Size UK12 Made in West Germany
The final item in this lot is a pair of black Puma 1986 FIFA World Cup Mexico cleats. Maradona has signed the left cleat in gold marker.
To coincide with the 1986 World Cup tournament, several new models of Puma football boots were released in Japan, with the yellow part of the Puma models standing out as an image of the Mexican sun.
However, I think that the model actually used in the World Cup was only Mexico finale. The player of the South American teams was mainly patronized, and it was impressive that the Brazilian defender, Josimar, who appeared like a comet at that time scored a wonderful goal wearing this model. Moreover, player Juniors of Brazil and Barrios of Uruguay were wearing them.
Brazilian player Josimar (left) and Uruguayan player Barrios (middle). On the right is a matchup of Puma Rare model favorites, Júnior (Brazil) wearing the Mexico finale and Clarke (North Ireland) wearing the Stepstar during the game against Northern Ireland, where Josimar scored.
Anyway, Mexico Finale, to be honest, I wasn’t at all interested in it when it debuted, and it wasn’t at a price a student could afford.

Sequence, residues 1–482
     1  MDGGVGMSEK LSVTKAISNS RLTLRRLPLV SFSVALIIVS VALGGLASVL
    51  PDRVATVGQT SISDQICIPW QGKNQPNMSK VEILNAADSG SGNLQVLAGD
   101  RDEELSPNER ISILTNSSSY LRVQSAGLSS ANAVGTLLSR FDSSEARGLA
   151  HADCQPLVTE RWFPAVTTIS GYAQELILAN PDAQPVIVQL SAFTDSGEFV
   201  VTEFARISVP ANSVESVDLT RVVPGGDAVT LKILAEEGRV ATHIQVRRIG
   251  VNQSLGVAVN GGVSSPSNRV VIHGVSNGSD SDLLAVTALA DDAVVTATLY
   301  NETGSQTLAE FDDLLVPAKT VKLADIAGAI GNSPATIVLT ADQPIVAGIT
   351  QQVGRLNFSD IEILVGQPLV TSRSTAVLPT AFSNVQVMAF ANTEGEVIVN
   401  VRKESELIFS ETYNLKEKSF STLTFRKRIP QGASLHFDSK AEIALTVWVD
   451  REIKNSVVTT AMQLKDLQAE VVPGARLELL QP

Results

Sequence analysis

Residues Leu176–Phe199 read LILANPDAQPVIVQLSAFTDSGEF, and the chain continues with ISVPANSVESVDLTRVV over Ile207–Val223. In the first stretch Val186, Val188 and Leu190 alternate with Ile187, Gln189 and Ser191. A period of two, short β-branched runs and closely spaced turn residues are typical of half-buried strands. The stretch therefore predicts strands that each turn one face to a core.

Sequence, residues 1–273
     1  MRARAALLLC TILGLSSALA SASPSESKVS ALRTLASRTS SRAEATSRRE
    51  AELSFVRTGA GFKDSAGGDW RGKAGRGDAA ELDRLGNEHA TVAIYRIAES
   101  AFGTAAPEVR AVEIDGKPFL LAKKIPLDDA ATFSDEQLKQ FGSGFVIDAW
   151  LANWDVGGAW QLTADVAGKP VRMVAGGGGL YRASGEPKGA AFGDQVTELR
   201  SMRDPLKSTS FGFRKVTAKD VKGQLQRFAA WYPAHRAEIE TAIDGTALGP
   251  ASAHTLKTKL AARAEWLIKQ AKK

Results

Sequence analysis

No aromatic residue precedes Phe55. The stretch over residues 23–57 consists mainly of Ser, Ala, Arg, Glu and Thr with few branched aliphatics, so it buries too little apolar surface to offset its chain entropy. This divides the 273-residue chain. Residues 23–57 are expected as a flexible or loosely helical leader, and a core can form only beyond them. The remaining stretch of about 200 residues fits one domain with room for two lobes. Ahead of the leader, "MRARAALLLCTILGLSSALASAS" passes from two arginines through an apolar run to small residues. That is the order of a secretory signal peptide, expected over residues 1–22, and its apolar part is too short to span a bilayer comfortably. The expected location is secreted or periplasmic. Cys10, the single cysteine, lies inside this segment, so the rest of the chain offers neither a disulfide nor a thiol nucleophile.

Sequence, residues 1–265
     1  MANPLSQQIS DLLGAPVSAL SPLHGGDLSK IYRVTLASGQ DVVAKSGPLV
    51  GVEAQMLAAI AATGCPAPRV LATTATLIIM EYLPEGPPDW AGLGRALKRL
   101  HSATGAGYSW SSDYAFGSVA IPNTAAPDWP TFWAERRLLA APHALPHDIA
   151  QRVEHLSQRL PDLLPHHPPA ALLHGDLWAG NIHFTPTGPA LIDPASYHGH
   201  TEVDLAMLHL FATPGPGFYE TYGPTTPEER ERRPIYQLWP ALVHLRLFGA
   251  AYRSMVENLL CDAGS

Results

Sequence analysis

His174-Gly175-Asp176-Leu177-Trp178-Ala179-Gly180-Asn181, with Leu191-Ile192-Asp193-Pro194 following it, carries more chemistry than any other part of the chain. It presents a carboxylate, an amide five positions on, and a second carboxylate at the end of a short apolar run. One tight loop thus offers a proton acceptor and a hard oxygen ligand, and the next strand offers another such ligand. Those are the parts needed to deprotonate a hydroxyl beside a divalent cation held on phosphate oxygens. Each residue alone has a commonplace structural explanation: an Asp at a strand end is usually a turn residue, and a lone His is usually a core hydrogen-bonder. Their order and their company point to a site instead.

The original Mexico Finale had 12 studs, but they were replaceable. In order to compete with the Adidas FX series, a method was adopted that allowed easy replacement of studs instead of the screw type (left). The reissued version was introduced in 2011, but this is with a moulded sole (right).
The Puma Museum has this model on display as the one God (Maradona) used in the 1986 World Cup final.
Before (left) and at the end (right) of the 1986 World Cup final. Did God wear the Mexico finale on the way out…. Probably not, I don’t think God wore this model. Most similar model that he wore at that time is here.
Now, I don’t recall seeing the original Mexico Finale, even when it was on sale, and I didn’t know what the new system’s stud replacement method actually looked like. I tried to remove the studs, and they came off easily with an ordinary threaded stud tool.
However, it was very difficult to re-install the studs. Maybe it’s because I don’t know how to do it, but it looks like it’s pretty hard to replace 12 of them on each foot. I think the Adidas FX system is much easier to use. In Japan in the 80s, when soccer wasn’t professional, of course, there was no Roupeiro and the Mexico Finale was an unacceptable model.
One of the players who used the Mexico finale was Maradona’s fated opponent, Peter Shilton (World Cup Qualifier against Poland in 1989).